Brisbane house price growth to lead the nation but good luck finding one

The NAB has predicted strong price growth in Australian housing, led by Brisbane in 2023 with a 12 per cent rise and 6.5 per cent next year.

Oct 24, 2023, updated Oct 24, 2023
Brisbane suburban housing near the city. (AAP Image/Dave Hunt, file)

Brisbane suburban housing near the city. (AAP Image/Dave Hunt, file)

The bad news was the lack of houses on the market and a predicted interest rate rise in November, with inflation likely to be the main driver.

The market is also still battling crippling price increases in building materials.

The predicted dwelling price increases follow a rollercoaster ride for the two previous years when prices jumped 31 per cent in Brisbane in 2021, followed by a 1.9 per cent fall in 2022.

All the other capitals, except for Hobart, would show strong growth. Perth and Sydney would be closest to Brisbane with rises of 11.9 per cent and 11.6 per cent, respectively.

Next year would produce weaker growth in Brisbane (6.5 per cent), but it would still be ahead of the nation.

“We have revised up our outlook for dwelling prices in the near-term, expecting the CoreLogic eight-capital city dwelling price index to end up around 8 per cent following the slightly stronger than expected outcomes over recent months and the expectation that this will continue in the near term,” Oster said.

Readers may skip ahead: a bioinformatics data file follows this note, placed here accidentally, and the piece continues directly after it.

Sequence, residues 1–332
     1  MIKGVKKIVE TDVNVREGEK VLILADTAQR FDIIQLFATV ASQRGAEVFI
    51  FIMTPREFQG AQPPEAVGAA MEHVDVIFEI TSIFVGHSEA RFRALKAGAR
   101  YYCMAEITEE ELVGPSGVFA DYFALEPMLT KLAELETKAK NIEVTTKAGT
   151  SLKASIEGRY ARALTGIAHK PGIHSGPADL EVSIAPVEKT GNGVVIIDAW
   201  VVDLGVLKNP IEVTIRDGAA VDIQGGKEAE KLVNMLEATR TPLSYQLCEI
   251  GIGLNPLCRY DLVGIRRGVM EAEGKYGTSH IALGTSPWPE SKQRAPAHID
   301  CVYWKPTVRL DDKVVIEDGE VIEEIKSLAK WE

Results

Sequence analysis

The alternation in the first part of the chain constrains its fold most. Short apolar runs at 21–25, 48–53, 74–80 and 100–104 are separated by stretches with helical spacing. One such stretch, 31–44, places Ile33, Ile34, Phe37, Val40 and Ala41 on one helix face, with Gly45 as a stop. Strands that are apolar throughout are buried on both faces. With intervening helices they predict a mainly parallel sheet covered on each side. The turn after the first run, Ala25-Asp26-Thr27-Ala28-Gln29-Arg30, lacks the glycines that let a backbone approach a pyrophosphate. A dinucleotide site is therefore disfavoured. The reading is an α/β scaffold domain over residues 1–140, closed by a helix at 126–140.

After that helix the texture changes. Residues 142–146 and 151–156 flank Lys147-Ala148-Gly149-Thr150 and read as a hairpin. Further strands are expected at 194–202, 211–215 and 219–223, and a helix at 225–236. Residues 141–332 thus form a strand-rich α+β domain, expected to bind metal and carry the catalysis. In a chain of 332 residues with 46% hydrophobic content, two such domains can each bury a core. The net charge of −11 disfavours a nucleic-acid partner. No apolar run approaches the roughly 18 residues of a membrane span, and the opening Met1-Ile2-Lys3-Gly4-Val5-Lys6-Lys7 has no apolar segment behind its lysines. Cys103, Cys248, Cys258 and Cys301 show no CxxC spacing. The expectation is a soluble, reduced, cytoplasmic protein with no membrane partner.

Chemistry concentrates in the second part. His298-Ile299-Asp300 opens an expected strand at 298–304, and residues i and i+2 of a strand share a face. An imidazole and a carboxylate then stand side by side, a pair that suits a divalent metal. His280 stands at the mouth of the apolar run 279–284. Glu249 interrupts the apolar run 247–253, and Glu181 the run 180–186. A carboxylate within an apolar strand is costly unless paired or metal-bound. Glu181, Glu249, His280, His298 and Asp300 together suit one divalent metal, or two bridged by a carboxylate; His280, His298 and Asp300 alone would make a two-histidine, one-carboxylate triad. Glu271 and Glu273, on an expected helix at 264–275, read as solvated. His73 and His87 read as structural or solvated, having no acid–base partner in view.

“For 2024, we expect prices to rise by around 5 per cent with population growth, rents growth and the labour market still supporting, offset by some pressure from the ongoing flow-through of interest rates.

“More broadly, we expect the impact of higher rates and inflation to continue to see sluggish growth in consumer demand and below trend growth to see some easing in the labour market pressures and for inflation to continue to moderate back towards the RBA’s target band over the next year or so.”

Oster said interest ates would fall in the second half of 2024 back to a neutral level where they had no contractionary or inflationary impact on the economy.

The bank said foreign buyers were returning to the market, but this was mostly in NSW and Victoria. It was still below trend in Brisbane.

A lack of stock was now seen as the next biggest hurdle for buyers overall and in Queensland it was regarded as main impediment to home buyers.

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Job security was the lowest concern among Queenslanders.

He said the CoreLogic eight-capital city dwelling price was already up 8 per cent since January, almost wiping out the losses of the previous nine months.

Regional prices had risen by less.

“Conditions on the supply side appear to be improving with some easing in labour and material shortages evident in our business surveys, though the cost of materials remains around 30 per cent higher than pre-pandemic,” Oster said.

Home completions were tracking at about 170,000 a year, which was well below implied demand of 220,000.

The bank said rents would also remain high, but growth was easing off and an overwhelming number of real estate professionals assessed their local markets as undersupplied.



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